The art of songwriting is a noble one. The task of storytelling through music, whether fictional or inspired by events in one’s life, is challenging and rewarding. But all delusions of grandeur aside, songwriting can be a real pain, especially when deadlines, stress, and writer’s block come into the picture. Whether you are writing music by yourself for a project, collaborating with your bandmates for your next release, or composing for another artist or a soundtrack, writer’s block can, at best, slow you down and make you question your creative abilities and, at worst, make you wonder if you’ve reached your artistic peak and question your entire career. If you find yourself experiencing these negative doubts about your songwriting, here are four steps to consider while you try to escape writer’s block.
From her 1997 live album, right before she launches into “Tyrone”, Erykah speaks to my artistic heart. It took me a long time to admit that I am an artist. The word has a bit of stigma attached to it, usually that artists are needy, too sensitive, too fragile. But I believe we’re all artists in some capacity, and it’s important to embrace it. As Julia Cameron (The Artist’s Way) teaches, your artist is similar to your inner child — creative, unafraid, free, and incredibly passionate. It’s so important to nurture that part of you and be honest about your humanity. No one is made of steel.
“I worked with Jeff in earlier sessions of Introduction to the Composer’s Craft and the Headliners Club. He has a beautiful perspective and really seems to look at his music from multiple angles. In addition to writing music, Jeff is a gifted photographer, and that comes through when you listen to his work. In the composition course, we discussed the foundations of writing music — things like form, tonality, etc., and then went on to develop his artistic voice during a follow-up session of the Headliners Club.
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Ethan Hein is a Doctoral Fellow in Music Education at New York University. He teaches music technology, production and education at NYU and Montclair State University. With the NYU Music Experience Design Lab, Ethan has taken a leadership role in the creation of new technologies for learning and expression, most notably the Groove Pizza. He is the instructor of the free Soundfly course series called Theory for Producers. He maintains a widely-followed and influential blog, and has written for various publications, including Slate, Quartz, and NewMusicBox.
Hughes says, “So if you’re in the key of C major, at the top of the hierarchy is the note C. Because that’s the most important note in the key of C major.” That’s the root or tonic of the scale, and the name of the scale — and so it’s the most important note.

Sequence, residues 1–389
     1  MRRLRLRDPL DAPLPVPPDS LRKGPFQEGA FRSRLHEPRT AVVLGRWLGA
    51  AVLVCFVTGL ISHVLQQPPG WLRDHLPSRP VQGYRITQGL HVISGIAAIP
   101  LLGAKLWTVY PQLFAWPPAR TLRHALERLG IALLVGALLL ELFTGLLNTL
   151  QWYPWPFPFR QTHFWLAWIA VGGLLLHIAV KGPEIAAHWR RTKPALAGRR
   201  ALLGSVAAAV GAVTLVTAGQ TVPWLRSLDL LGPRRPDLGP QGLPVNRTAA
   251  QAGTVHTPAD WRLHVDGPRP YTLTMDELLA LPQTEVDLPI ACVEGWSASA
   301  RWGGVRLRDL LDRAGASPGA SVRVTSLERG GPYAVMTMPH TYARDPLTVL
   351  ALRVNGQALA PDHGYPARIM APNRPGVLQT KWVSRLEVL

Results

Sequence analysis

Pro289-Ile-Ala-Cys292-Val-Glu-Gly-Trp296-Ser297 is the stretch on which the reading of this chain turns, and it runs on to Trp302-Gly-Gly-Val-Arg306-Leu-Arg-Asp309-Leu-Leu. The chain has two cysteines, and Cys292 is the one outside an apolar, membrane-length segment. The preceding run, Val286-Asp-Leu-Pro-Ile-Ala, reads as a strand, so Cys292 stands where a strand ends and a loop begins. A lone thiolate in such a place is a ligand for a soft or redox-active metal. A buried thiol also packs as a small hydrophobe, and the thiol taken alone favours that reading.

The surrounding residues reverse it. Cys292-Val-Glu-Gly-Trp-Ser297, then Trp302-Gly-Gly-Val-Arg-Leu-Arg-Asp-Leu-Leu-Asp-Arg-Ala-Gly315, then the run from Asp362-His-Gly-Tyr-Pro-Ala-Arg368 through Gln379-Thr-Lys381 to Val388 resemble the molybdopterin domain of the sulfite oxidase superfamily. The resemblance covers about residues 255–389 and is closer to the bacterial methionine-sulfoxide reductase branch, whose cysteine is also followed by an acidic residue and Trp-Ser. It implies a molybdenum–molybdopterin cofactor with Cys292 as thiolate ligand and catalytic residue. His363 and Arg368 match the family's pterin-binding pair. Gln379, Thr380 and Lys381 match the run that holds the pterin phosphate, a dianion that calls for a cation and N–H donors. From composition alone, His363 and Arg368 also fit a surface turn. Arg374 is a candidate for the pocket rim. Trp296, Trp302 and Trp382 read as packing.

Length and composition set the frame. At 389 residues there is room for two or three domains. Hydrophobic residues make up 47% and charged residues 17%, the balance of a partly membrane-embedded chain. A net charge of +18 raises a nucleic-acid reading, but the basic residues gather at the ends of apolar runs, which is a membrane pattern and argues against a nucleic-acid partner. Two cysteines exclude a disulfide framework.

The key is to link up a singer’s already incredible ear with what they see on the page — and, use a more robust knowledge of harmony to anticipate what comes next. Learning key signatures, intervals, scales, chord progressions, and function help singers be one step ahead. And, become the kind of colleagues that get hired back again and again.
I was thinking about “Clair de Lune” and how strange and complicated the rhythm is. I was humming it to myself and couldn’t figure out where the downbeats were. I have previously used Ableton Live to help me learn a classical piece aurally, so I figured I would do the same thing with this one.
All of our mentored online courses come with six weeks of 1-on-1 professional coaching and feedback on your work. It’s like having a personal trainer, but for music! Share your goals with us and we’ll find a course for you, or create a custom mentorship session with a pro musician, engineer, educator, or music industry veteran, to help you achieve them.
A mode is like a scale: It is a collection of pitches which have a certain relationship between each other. Just like any major or minor scale, a mode has a Tonic (a point of rest) and a “Dominant” (a point of tension which needs resolution). I have put the word Dominant in quotations because in the case of modes, the dominant is not always found on the 5th degree — like in any major scale for example — but it is the degree(s) which contain the characteristic note (the note that gives a certain mode its peculiar sound) that functions as a dominant.
One final note is looking at contrasting the delivery of words per second for an audience. High-speed, high-energy lyrics need careful delivery to hit the spot for a first time listener and one of the ways songwriters can meet the hunger for surprise, sass, and audibility is highlighted in this song by Lizzo, called “Jerome.”
I can spend an ungodly amount of time shopping, especially at Buffalo Exchange, simply because the music is good. Here, you’ll find vintage, funky threads, hats, jewelry, costumes, coats, etc. If you have some time and need a cute outfit for a night on the town, then definitely make a pit stop here (but be prepared to stay longer than you initially planned). You’ll find a cool outfit while listening to the soundtrack of your life.
Just like your mind and your muscles, your ears also have a shelf life. Go too long without taking a break, and you’ll run the risk of not being able to separate good takes from bad ones. It might sound odd to recommend taking breaks as a time-saving tool for home-recording, but keeping your dexterity as well as your listening skills sharp will protect you from making costly recording mistakes.
For all these reasons, we’re super happy to be able to experience musical life in Africa through the work of a handful of amazing nonprofit organizations, learning communities, and platforms for creative expression, and we believe that the future of global popular music is already being shaped on the African continent as we speak. Here are six initiatives in Africa today doing constructive work for the future of music and music education.